Word Routes

Exploring the pathways of our lexicon

A "Steep Learning Curve" for "Downton Abbey"

Last year, Season 2 of the popular British TV series "Downton Abbey" yielded a bumper crop of linguistic anachronisms. In Season 3, now airing stateside on PBS, the out-of-place language has continued. There was a particularly glaring anachronism in the most recently aired episode: "steep learning curve."

My investigation into "Downton Abbey" anachronisms last season garnered a fair amount of attention, and inspired additional research into linguistic accuracy on the series. Benjamin Schmidt, a history graduate student at Princeton and fellow at Harvard's Cultural Observatory, has been approaching the matter more systematically on his Prochronisms blog, by using the Google Books Ngrams corpus to determine which combinations of words are the most unlikely to have occurred in the time period of "Downton Abbey" (currently set in 1920). His automated approach turns up anachronisms that most of us wouldn't have discerned just by watching, such as "Indian subcontinent." (Who knew?)

But it didn't require any fancy algorithms to pick up on a truly anachronistic bit of dialogue in the latest episode on PBS. Matthew Crawley, the presumptive heir of Downton Abbey and now the co-owner of the estate, says, "I've been on a steep learning curve since arriving at Downton." By this he means that he's had a difficult time learning the ways of Downton. Unfortunately, people didn't start talking that way until the 1970s.

If the screenwriter Julian Fellowes (or one of his researchers) had checked out the phrase learning curve to determine if it was appropriate for 1920, he might have seen from the Oxford English Dictionary that it dates from 1922 and figured this was close enough. Learning curve was indeed in use at the time, but only among scholars of psychology who were actually plotting such curves to study learning processes among humans and animals.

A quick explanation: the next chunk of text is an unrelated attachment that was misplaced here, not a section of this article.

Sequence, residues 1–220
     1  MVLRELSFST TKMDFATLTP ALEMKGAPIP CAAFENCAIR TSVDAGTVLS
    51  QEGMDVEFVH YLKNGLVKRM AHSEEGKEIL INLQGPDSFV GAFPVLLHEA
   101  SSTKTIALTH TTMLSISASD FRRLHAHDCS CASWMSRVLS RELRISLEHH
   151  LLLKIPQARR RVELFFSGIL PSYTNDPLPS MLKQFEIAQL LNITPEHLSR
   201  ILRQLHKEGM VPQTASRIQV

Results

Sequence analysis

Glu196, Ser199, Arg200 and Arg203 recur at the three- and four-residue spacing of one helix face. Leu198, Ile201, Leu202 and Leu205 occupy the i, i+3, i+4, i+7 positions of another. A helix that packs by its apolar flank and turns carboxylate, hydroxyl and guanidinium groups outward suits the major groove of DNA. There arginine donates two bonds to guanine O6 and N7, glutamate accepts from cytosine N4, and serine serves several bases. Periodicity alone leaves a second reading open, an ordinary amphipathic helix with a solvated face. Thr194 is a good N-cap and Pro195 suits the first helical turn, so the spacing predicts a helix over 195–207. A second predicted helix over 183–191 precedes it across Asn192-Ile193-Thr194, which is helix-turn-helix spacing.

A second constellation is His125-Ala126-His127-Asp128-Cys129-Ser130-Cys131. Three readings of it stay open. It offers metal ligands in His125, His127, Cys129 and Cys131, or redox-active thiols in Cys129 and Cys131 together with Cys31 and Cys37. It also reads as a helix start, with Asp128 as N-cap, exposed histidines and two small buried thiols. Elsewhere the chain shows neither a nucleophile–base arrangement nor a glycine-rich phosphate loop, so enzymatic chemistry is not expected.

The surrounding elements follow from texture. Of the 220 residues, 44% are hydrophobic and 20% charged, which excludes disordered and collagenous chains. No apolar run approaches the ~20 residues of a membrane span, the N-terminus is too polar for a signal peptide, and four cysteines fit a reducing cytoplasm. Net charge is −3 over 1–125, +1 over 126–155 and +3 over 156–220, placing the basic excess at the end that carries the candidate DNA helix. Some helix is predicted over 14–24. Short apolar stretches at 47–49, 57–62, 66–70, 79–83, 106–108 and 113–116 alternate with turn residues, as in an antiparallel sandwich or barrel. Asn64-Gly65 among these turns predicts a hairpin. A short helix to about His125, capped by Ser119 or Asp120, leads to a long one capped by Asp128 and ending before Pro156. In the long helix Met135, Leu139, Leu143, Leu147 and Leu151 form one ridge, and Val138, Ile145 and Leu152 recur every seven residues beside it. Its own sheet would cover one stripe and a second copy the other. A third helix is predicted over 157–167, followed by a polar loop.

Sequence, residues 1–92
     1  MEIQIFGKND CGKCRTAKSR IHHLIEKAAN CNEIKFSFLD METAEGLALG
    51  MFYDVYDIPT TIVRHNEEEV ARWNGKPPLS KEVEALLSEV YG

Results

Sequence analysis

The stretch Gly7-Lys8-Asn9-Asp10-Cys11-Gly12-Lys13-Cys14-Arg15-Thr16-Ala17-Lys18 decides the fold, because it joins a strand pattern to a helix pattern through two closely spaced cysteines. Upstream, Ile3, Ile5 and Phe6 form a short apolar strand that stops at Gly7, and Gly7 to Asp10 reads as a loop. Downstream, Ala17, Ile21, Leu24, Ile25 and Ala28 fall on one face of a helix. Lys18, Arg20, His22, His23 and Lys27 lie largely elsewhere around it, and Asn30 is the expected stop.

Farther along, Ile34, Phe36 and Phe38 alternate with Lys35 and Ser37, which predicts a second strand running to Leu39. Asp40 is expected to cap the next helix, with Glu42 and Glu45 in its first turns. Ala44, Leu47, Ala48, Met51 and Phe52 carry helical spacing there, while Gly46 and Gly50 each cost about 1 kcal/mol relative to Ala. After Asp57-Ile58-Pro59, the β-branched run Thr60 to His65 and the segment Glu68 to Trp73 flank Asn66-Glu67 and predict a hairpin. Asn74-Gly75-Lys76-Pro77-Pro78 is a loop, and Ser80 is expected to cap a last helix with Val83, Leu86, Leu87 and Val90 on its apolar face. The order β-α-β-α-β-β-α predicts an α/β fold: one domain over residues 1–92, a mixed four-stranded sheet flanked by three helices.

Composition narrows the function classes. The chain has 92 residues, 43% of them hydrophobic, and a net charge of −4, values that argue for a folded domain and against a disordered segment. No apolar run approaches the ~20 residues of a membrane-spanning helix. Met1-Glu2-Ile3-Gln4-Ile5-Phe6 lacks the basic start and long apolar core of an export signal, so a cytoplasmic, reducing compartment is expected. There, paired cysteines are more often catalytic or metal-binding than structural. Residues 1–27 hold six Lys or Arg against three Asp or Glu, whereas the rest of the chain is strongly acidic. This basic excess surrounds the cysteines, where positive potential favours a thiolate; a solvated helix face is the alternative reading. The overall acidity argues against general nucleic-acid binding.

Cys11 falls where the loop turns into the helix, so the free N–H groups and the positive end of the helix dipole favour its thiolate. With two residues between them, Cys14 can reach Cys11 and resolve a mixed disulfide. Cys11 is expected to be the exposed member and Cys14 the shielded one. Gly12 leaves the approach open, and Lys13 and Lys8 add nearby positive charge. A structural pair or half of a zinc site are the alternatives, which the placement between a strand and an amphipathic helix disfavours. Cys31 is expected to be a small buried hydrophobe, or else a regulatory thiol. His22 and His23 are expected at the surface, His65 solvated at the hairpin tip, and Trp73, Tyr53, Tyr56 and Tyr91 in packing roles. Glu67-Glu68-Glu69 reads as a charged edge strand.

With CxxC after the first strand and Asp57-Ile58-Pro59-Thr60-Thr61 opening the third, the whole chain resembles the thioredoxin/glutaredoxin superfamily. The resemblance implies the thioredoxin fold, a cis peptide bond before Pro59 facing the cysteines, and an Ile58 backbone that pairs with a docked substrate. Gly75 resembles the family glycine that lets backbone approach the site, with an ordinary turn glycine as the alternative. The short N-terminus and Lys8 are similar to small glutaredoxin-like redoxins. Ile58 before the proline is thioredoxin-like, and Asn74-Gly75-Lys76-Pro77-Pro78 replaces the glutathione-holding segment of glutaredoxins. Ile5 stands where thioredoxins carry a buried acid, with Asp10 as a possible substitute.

The concept of the learning curve was introduced in 1885 by the German psychologist Hermann Ebbinghaus in his book Über das Gedächtnis (About Memory). Ebbinghaus charted the rate of learning a task, in which there is a sharp increase after the first attempt, followed by a gradual plateau on subsequent repetitions as less information is retained. His book evidently wasn't translated into English until 1913, though the translation didn't contain the phrase learning curve.

In the meantime, though, learning curve began showing up in psychological journals. The earliest example I've found is in a 1903 article in the American Journal of Psychology by Edgar James Swift, entitled "Studies in the Psychology and Physiology of Learning." Referring to an earlier study, Swift wrote, "Bryan and Harter (6) found in their study of the acquisition of the telegraphic language a learning curve which had the rapid rise at the beginning followed by a period of retardation, and was thus convex to the vertical axis." In 1907, the phrase appeared in two studies of animal learning, one on raccoons and one on ants.